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Boris Johnson says European Copyright Directive is “classic” and “terrible” EU law

By | Published on Thursday 28 March 2019


So, when the ultimate Brexit nightmare is finally unleashed in the next few weeks and Boris ‘Bullshitter’ Johnson somehow becomes the most prime of all the ministers in this United Kingdom of Great Britain and Northern Ireland, what the fuck does that mean for the implementation of the European Copyright Directive in this fair land? Because obviously that’ll be your first concern once Bullshitter is in charge.

Well, even though the UK government has previously indicated it will implement the new round of EU copyright reforms, even if and when the country is no longer part of the EU, Bullshitter has indicated that that won’t happen if he is in charge. “The EU’s new copyright law is terrible for the internet”, he declared on Twitter yesterday. “It’s a classic EU law to help the rich and powerful, and we should not apply it. It is a good example of how we can take back control”.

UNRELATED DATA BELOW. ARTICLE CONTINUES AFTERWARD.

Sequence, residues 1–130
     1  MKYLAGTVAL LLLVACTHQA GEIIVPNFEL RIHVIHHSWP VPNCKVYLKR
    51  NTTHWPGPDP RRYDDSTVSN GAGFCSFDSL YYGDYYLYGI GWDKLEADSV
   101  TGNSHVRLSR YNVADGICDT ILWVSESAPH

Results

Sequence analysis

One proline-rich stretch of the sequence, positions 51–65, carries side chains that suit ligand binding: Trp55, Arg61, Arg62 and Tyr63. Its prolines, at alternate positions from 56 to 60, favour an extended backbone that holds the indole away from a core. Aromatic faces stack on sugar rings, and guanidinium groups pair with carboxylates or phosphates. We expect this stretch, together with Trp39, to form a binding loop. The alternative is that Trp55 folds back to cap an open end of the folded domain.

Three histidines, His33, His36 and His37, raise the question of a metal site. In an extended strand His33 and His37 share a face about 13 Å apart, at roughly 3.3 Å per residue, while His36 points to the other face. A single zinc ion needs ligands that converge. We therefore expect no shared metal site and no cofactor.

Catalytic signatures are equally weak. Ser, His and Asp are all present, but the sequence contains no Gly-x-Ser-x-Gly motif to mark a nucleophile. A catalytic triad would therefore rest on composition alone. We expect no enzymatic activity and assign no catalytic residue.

Of course, said internet was quick to point out that the more controversial elements of the copyright reforms – like the safe harbour revamping article thirteen – were passionately campaigned for by the British music community and, in the main, supported by the British government, including when Bullshitter was in the Cabinet. The music industry would also argue that the “rich and powerful” the directive helps are everyday songwriters and musicians, while the losers are the poor little tax-avoiding American mega-congloms like Google, Apple and Facebook.

But still, if Bullshitter does somehow become king, the music industry can still probably get all the copyright reforms it needs implemented in a post-Brexit UK. Just rebrand the copyright directive the Great British Copyright Reform Bill, call article thirteen the British Empire Liability Mechanic, and have all the artists sing ‘Land Of Hope And Glory’ on an eternal loop. Yes, taking back control is that simple.